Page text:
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Wednesday, August 29, 2012
Sheba the Catholic Worker
Recently, Jeff Dietrich from the Catholic Worker in Los Angeles reported on the dog called “Sheba” a German shepherd mix providing love and comfort to those on skid row.
For years Sheba lived on the streets with Georgina. "When it was cold, she kept me warm," Georgina recalled recently, "and if I got attacked, she protected me."
Sheba was a patient, loving German shepherd mix whose excess belly fat and low-hanging nipples gave testimony to her maternal nature. Everyone on skid row — kids, cops, prostitutes, pimps — loved her. But her best friends were the homeless street addicts who live outside our Catholic Worker soup kitchen, particularly Georgina.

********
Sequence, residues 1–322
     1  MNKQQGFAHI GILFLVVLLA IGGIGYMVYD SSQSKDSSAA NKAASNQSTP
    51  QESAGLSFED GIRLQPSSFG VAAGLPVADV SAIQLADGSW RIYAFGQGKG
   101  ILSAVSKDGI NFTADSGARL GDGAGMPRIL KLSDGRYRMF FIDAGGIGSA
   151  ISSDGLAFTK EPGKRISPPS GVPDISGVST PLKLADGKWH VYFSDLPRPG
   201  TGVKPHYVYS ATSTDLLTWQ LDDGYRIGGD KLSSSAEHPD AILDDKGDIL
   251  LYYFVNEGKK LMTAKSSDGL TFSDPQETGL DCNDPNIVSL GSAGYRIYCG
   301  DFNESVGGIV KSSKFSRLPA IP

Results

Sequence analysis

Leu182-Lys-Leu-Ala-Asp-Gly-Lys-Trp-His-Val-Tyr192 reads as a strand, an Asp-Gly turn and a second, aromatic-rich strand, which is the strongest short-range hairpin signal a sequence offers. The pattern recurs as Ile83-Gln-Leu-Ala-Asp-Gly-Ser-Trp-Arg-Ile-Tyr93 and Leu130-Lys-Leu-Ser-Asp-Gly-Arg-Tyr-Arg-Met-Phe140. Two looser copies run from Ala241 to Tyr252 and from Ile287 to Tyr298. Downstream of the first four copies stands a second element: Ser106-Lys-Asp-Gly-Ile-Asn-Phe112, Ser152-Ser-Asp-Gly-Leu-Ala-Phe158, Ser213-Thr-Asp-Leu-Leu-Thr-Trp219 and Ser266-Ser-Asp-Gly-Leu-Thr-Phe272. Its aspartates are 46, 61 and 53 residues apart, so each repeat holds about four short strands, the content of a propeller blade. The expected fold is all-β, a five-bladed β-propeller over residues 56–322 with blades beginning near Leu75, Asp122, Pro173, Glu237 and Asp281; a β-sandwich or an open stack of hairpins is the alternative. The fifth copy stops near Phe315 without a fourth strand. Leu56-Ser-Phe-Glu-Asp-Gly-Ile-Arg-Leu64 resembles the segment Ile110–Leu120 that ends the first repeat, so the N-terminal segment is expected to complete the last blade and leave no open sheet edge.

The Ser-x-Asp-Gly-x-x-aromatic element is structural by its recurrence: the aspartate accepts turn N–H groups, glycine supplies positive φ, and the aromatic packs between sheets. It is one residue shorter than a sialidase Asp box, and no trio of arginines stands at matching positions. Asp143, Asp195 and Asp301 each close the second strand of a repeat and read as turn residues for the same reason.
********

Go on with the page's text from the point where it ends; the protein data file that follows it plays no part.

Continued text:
Humans are hard-wired to need strong connections with other humans, and that children need "an attachment connection with at least one reliably available, protective, psychologically present, and reasonably non-stressed adult."
A dog is no substitute, certainly, for a loving, stable family or for strong human bonds. But most of the addicts on skid row haven't known nurturing families for years, if they ever did. Sheba stepped into a void in Georgina's life, and she made a difference.
On June 26, Sheba was hit by a car and killed. Her memorial service was held in the dining garden of our soup kitchen, but Georgina was not among the more than 30 mourners who attended. Her therapist, fearful of a possible relapse, advised her not to attend. The gathering was full of fond memories of Sheba, but toward the end there was one awkward moment. Was it theologically orrect, we wondered, to pray for a dog? But then someone in the crowd called out, "Let us pray for the loving gift that Sheba was to our community."
We did. And the people of skid row said, "Amen."_______________